The firm now known as Butterfield Bank is Bermuda’s oldest banking company. It traces its origins back to a firm founded by Nathaniel Butterfield in 1758.
The firm now known as Butterfield Bank is Bermuda’s oldest banking company. It traces its origins back to a firm founded by Nathaniel Butterfield in 1758. Originally established to trade cedar, wine and other dry goods, the company gradually started providing financial services to its suppliers and customers. A century later, financial transactions dominated the business of the company, and in 1858, under the direction of the founder’s grandson, Nathaniel T. Butterfield, the firm became the Bank of N.T. Butterfield and Company. In 1865, ‘& Son’ was added to the bank’s name, and in 1904 it was incorporated as the Bank of N.T.Butterfield & Son Limited under a Special Act of Parliament.
Today, Butterfield Bank is well known for a wide array of businesses including retail and corporate banking, fiduciary services, fund administration, private banking and asset management. The group’s 1,500 employees stretch from Bermuda to offices in the Bahamas, the Cayman Islands, Barbados, Guernsey, Switzerland, Canada and the UK as the bank prepares to celebrate its 150th anniversary next year.
The Butterfield Fund Services business, which was launched in 1969 and is now led by senior vice-president Frank Sebestyen, has shown remarkable growth over the past few years. In addition, recent regulatory changes introduced by the Bermuda Monetary Authority through the Investment Funds Act have made business conditions more amenable. The Bermuda operation administers 400 funds with USD35.5 billion of assets, numbers that indicate the island’s strength as an offshore hedge fund jurisdiction.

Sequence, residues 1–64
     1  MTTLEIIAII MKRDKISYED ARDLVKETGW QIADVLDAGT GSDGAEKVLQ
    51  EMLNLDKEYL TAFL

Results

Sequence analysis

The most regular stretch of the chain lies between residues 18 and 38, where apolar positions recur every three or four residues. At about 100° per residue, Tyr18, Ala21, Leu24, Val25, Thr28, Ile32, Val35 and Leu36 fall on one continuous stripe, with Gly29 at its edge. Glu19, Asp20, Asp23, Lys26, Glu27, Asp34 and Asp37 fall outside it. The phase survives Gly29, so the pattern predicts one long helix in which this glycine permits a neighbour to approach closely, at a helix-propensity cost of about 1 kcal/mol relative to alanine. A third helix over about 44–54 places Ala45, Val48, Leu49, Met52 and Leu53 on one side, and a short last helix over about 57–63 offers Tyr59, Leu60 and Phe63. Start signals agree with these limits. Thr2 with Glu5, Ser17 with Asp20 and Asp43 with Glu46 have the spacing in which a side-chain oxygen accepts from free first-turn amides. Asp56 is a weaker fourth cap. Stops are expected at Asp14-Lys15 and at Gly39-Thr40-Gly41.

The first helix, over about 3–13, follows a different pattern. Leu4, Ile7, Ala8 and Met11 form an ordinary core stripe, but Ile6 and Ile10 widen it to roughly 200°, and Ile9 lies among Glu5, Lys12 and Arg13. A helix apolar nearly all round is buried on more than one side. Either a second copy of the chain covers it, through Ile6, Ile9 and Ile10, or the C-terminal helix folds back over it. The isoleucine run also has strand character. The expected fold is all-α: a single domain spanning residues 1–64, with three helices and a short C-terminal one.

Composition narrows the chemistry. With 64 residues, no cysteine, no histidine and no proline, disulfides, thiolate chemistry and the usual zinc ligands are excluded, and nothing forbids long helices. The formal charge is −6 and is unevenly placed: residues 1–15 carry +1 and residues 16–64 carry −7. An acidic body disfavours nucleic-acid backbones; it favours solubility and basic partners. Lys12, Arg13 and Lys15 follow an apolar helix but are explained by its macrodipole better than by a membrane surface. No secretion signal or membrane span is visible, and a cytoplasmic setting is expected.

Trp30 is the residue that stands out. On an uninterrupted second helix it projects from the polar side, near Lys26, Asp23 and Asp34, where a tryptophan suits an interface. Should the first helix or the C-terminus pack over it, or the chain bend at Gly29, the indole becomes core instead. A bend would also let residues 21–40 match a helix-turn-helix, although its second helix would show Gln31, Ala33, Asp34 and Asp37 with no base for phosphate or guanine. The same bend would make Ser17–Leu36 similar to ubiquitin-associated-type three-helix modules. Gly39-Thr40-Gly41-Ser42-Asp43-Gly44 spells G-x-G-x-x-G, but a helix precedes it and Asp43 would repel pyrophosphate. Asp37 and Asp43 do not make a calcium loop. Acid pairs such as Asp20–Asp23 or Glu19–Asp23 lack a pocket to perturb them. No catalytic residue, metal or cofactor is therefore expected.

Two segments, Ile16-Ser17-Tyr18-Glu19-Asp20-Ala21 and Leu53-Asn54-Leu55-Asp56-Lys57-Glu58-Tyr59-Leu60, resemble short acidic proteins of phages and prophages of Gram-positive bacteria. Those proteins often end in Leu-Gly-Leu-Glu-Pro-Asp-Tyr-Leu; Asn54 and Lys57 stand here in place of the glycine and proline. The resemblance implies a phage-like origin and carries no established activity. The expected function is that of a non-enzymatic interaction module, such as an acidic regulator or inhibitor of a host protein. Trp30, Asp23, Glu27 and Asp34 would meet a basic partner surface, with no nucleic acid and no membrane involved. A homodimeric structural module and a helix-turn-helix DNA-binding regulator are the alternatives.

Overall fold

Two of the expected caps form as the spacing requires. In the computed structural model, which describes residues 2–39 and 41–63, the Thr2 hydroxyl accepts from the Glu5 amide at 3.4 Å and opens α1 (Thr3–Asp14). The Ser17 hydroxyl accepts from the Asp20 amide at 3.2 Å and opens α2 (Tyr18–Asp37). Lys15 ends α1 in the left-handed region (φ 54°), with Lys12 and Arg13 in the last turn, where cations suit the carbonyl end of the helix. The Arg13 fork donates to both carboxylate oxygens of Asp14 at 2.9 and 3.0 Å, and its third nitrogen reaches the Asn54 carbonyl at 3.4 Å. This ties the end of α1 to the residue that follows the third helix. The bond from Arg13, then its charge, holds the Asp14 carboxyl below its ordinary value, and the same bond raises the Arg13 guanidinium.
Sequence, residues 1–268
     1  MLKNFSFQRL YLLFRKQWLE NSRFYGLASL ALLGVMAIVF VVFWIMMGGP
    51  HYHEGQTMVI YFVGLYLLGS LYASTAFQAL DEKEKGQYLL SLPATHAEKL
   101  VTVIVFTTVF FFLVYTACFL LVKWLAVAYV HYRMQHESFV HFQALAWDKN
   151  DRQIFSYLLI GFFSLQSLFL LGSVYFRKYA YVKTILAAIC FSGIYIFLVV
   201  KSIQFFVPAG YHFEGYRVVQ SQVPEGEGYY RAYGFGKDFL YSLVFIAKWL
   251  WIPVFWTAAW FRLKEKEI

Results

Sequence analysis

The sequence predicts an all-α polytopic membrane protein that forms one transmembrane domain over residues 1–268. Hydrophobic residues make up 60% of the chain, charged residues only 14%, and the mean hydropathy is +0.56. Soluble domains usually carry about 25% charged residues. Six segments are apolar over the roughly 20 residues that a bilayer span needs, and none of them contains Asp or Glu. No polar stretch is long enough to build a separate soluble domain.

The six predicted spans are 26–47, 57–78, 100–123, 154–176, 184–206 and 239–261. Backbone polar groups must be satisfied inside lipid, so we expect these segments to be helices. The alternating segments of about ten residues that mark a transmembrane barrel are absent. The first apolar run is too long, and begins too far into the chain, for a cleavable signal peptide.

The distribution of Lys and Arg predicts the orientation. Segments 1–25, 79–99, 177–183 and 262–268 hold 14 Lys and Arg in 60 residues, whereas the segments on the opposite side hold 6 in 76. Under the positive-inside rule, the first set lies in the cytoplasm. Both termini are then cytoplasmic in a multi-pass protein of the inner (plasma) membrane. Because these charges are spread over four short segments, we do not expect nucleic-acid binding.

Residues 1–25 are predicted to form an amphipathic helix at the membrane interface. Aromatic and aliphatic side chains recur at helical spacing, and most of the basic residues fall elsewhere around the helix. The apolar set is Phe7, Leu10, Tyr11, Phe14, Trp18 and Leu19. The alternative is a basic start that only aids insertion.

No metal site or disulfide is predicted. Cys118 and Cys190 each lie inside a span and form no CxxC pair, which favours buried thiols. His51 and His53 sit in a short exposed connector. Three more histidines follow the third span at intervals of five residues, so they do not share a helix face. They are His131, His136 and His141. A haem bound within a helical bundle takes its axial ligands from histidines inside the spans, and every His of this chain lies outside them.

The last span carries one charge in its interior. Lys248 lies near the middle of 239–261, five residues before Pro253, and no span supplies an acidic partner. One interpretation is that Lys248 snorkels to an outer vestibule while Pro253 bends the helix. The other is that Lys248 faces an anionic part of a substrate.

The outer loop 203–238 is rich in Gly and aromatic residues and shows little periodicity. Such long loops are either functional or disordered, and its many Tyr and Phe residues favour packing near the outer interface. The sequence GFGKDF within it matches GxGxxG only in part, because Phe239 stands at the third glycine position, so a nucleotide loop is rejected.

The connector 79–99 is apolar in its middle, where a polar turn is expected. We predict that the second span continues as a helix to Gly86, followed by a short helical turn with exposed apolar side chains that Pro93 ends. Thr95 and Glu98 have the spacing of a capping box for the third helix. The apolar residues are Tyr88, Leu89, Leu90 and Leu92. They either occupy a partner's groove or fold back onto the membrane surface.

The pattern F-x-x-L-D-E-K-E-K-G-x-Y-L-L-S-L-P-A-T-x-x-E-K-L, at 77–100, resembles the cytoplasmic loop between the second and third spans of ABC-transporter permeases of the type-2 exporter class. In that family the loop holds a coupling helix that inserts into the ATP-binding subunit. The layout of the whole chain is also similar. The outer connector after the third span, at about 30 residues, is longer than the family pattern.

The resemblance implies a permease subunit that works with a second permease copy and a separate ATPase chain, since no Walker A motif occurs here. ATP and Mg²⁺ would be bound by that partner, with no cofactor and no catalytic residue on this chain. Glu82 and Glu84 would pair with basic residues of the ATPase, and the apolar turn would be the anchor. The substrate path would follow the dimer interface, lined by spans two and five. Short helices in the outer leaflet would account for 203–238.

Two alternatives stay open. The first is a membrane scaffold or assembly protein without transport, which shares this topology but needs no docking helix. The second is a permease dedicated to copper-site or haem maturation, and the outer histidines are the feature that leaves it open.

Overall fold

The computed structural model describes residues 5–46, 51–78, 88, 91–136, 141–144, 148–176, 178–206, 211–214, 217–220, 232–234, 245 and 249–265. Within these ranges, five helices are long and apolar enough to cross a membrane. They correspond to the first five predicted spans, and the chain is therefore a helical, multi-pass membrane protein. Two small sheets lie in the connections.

The rapid growth in hedge funds and other alternative investments is a unique opportunity for Butterfield Fund Services to expand its fund administration business significantly over the next few years, with a further 30 per cent increase in business targeted over the next 18 months through geographic growth and increased marketing efforts. Being part of a bank, the fund services business can offer a one-stop shop to clients including compliance, currency hedging, line of credit, leverage, cash management and custody services.
Butterfield Fund Services is anticipating additional inflows of new business as institutional investors increasingly demand enhanced corporate governance and thirdparty administration. Unlike some of its competitors, the group is still very much interested in the USD50m to USD200m funds as well as multi-billion-dollar vehicles. While other administrators take on only the biggest funds, Butterfield Fund Services believes it can offer excellent customer service to smaller funds and still maintain a strong business plan.
Butterfield Fund Services has a number of strengths that make it an attractive choice. First, it has a highly educated and experienced staff, maintains a low staff turnover rate and motivates its top talent to succeed within the organisation. Secondly, comprehensive internal control policies and procedures ensure that proper checks and balances protect the company and its clients. Thirdly, sophisticated IT systems in both accounting (Advent Geneva) and shareholder services (NTAS) are vital to compete in today’s expanding hedge fund industry. The company is also continuing its overseas expansion. It is looking at opening a marketing office in New York to direct more business to all its servicing locations, and in March this year opened its first onshore North American service centre in Halifax, Nova Scotia. Butterfield Fund Services (Canada) has already taken on a dozen employees whose mandate is to help alleviate the workload of their colleagues in Bermuda and Cayman.
Douglas Lang is managing director of Butterfield Fund Services (Bermuda)